Step 12(b): Creating Other Entities
Deities aren't the only creatures that can provide divine magic to worshippers. Other powerful beings like elementals, faeries, dragons, celestials and fiends can all provide divine magic given that they are powerful enough. In general, these should be somewhat sparser than deities, and the creatures should be extremely powerful for their kind.

Dragon-kings from Dark Sun are powerful human-sorcerer/psionicists turned draconic who have extreme fonts of divine power that they can grant to their worshippers in order to solidify their rule.

Elemental princes, faerie courts, arch-devil, demon princes, and celestial lords are also very powerful creatures who in some settings can provide their worshippers with domains and other divine powers.

Even if you choose not to use them in your campaign, keep these other options in mind. They can provide you with alternatives to the norm that can both flavor and distinguish your campaign from others.

Step 12(c): Creating Philosophies
Philosophies are teachings that do not connect with a deity, but still provide a worshipper with the same amount of power. Like deities, they also provide domains, and have an alignment (generally neutral or true neutral).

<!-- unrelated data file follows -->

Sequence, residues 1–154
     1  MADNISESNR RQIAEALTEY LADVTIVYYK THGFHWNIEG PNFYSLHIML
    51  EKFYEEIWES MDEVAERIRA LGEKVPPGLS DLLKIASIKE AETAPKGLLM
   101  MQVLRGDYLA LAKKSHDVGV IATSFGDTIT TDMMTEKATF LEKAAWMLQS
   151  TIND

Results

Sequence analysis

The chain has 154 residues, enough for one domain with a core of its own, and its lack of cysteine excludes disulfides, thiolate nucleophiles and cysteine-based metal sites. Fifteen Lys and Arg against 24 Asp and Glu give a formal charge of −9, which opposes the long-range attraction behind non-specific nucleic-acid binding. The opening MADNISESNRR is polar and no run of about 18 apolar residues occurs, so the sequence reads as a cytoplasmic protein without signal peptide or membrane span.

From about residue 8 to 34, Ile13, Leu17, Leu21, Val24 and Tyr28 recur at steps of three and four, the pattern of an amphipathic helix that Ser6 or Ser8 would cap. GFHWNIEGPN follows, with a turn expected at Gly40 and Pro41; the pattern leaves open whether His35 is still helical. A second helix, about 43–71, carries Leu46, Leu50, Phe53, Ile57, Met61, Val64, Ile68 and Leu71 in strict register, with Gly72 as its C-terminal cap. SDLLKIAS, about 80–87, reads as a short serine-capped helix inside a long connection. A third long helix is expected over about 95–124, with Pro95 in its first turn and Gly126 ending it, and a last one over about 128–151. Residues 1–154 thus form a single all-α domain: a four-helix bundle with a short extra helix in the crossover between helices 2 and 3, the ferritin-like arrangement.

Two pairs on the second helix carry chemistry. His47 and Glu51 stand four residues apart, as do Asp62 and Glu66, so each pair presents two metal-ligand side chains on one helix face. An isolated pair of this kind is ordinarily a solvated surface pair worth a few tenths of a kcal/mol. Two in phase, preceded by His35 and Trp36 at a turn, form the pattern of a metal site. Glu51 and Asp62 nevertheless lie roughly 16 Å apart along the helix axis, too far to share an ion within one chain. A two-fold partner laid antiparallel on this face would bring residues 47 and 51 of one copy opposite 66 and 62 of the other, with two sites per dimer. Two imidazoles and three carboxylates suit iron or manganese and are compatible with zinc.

Philosophies are built like deities, in that they have worshippers, domains, a portfolio an alignment and a favored weapon. What they lack are things like a home plane, as they are ideas, not beings. Settings based on Asia tend to work better with philosophies as those cultures have a history of using them in the real world (like Buddhism).


  1. Figure out what kinds of pantheons (see Step 11) that will be available in your campaign setting. You should have at least one pantheon and a minimum of one deity for a monotheist religion (which is about the minimum you should have).
  2. Create the deities (see Step 12) that will be used in your campaign. If you wish to use other powerful entities or philosophies as well (see Step 12(b) and 12(c)), include them in this step.


  1. Penumbra is a small campaign setting as much of the world is now lost of the influence of the encroaching Plane of Shadows. As such, it only has a single polythetic pantheon consisting of deities representing many races and concepts.

  2. The following deities are available in Penumbra. Domains are taken from both the Player's Handbook and Spell Compendium.

    Deity Alignment Favored Weapon Domains
    Aubreth NE Sickle Death, Earth, Fate
    The Dark NE Scythe Darkness, Death, Destruction